WTX101 administered orally in 15 mg tablets

Active Comparator: SOC for subjects treated with SOC >28 days prior
Subjects treated for >28 days with chelation or Zn therapy or a combination of both chelation and Zn therapy will continue to receive the SOC therapy.
Drug: SOC Therapy
Subjects randomized to receive SOC treatment will continue their current therapy or initiate therapy with chelation, Zn, or a combination of both chelation and Zn therapy. Depending on the site/region enrolling the subject, this treatment will be trientine hydrochloride, penicillamine, or Zn, or a combination of both chelation and Zn therapy, administered according to standard regimens.

Experimental: 15-60 mg WTX101 to subjects treated ≤28 days with SOC
Subjects who are treatment naïve or have been previously treated with chelation or Zn therapy or a combination of both chelation and Zn therapy for ≤28 days will be treated with 15 mg QOD to 60 mg QD of WTX101 by oral administration.
Drug: WTX101
WTX101 administered orally in 15 mg tablets

Active Comparator: SOC for subjects treated with SOC ≤28 days prior
Subjects who are treatment naïve or have been previously treated with chelation or Zn therapy or a combination of both chelation and Zn therapy for ≤28 days will initiate or continue SOC therapy.
Drug: SOC Therapy
Subjects randomized to receive SOC treatment will continue their current therapy or initiate therapy with chelation, Zn, or a combination of both chelation and Zn therapy. Depending on the site/region enrolling the subject, this treatment will be trientine hydrochloride, penicillamine, or Zn, or a combination of both chelation and Zn therapy, administered according to standard regimens.




Primary Outcome Measures :
  1. Evaluate the efficacy of WTX101 using standard of care as comparator and copper as the control assessed in terms of the percentage change from baseline (Day 1) to 48 weeks in non-ceruloplasmin-bound copper levels [ Time Frame: Change from baseline (Day 1) to 48 weeks ]
    Evaluate the efficacy of WTX101 administered for 48 weeks, compared to standard of care, on copper control in Wilson Disease subjects aged 18 and older. Copper control will be assessed in terms of the percentage change from baseline (Day 1) to 48 weeks in non-ceruloplasmin-bound copper levels. For WTX101-treated subjects, the non-ceruloplasmin-bound copper level will be corrected for the amount of copper bound to the WTX101 tripartite complex.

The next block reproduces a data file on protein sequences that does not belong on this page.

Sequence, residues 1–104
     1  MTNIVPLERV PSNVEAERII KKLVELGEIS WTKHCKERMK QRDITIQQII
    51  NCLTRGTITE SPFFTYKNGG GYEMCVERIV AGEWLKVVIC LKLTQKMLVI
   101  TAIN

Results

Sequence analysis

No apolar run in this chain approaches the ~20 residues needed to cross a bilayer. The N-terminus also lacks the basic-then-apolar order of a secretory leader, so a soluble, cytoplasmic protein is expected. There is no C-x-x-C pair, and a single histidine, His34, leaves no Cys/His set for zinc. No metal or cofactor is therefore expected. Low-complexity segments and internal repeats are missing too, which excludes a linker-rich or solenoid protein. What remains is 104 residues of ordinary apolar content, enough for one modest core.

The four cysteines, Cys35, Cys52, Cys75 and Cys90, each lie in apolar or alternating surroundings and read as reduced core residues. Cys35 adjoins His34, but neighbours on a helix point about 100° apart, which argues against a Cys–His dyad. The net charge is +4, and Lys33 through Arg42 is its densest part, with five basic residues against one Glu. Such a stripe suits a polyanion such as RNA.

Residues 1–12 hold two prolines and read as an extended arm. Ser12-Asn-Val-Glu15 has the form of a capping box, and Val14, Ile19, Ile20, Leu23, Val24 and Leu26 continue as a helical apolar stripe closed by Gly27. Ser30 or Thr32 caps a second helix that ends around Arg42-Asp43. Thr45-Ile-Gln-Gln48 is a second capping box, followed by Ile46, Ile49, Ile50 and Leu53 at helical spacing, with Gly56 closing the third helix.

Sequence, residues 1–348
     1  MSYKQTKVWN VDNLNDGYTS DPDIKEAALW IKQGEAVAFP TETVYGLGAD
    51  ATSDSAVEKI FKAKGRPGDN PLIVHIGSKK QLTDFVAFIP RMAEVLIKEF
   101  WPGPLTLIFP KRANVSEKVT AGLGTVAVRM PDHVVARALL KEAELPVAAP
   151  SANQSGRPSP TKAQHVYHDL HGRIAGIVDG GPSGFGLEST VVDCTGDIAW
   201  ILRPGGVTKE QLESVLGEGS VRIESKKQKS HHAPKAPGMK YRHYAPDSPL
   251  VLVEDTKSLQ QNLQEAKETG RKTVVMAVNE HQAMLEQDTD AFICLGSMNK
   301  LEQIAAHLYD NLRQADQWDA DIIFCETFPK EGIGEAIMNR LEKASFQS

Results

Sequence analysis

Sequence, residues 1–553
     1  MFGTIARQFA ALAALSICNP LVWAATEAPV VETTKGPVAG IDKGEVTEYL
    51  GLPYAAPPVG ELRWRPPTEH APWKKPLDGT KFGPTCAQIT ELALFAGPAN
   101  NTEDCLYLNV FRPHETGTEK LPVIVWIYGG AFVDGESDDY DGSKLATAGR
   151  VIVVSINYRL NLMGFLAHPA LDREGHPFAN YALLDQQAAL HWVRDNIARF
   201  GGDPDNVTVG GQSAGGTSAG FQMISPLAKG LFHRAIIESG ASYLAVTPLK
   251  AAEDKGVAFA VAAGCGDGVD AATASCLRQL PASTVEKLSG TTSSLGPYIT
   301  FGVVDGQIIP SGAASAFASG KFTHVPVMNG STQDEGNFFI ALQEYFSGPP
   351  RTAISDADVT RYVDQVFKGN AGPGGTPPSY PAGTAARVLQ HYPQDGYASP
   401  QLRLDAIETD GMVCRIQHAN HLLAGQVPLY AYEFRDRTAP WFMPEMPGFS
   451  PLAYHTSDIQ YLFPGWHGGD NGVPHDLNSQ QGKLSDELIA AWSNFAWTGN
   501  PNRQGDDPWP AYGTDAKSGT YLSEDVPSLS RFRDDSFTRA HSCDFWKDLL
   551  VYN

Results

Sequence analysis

Secondary Outcome Measures :
  1. Safety and tolerability of individualized dosing of WTX101 by descriptive statistics via the Safety Analysis Set dataset [ Time Frame: Change from baseline (Day 1) to 48 weeks ]
    Safety and tolerability will be determined over the course of the study period by descriptive statistics via the Safety Analysis Set dataset. This dataset includes all subjects who received at least 1 dose of randomized treatment. Subjects will be summarized according to the treatment actually received.

  2. Effects of WTX101 on hepatic status [ Time Frame: Change from baseline (Day 1) to 48 weeks ]

    Evaluate the effects of WTX101 on hepatic status assessed by the Model for End-Stage Liver Disease (MELD) score. The MELD uses the subject's values for serum bilirubin, serum creatinine, and the international normalized ratio for prothrombin time (INR) to predict survival. It is calculated according to the following formula:

    MELD = 3.78×ln[serum bilirubin (mg/dL)] + 11.2×ln[INR] + 9.57×ln[serum creatinine (mg/dL)] + 6.43.


  3. Effects of WTX101 on disability status [ Time Frame: Change from baseline (Day 1) to 48 weeks ]
    Evaluate the effects of WTX101 on disability status assessed by the Unified WD Rating Scale (UWDRS) Part II which consists of a historical review of daily activity items and is reported by the subject or family.

  4. Effects of WTX101 on neurological status [ Time Frame: Change from baseline (Day 1) to 48 weeks ]
    Evaluate the effects of WTX101 on neurological status assessed by the Unified WD Rating Scale (UWDRS) Part III which consists of a neurological examination performed by a blinded neurologist.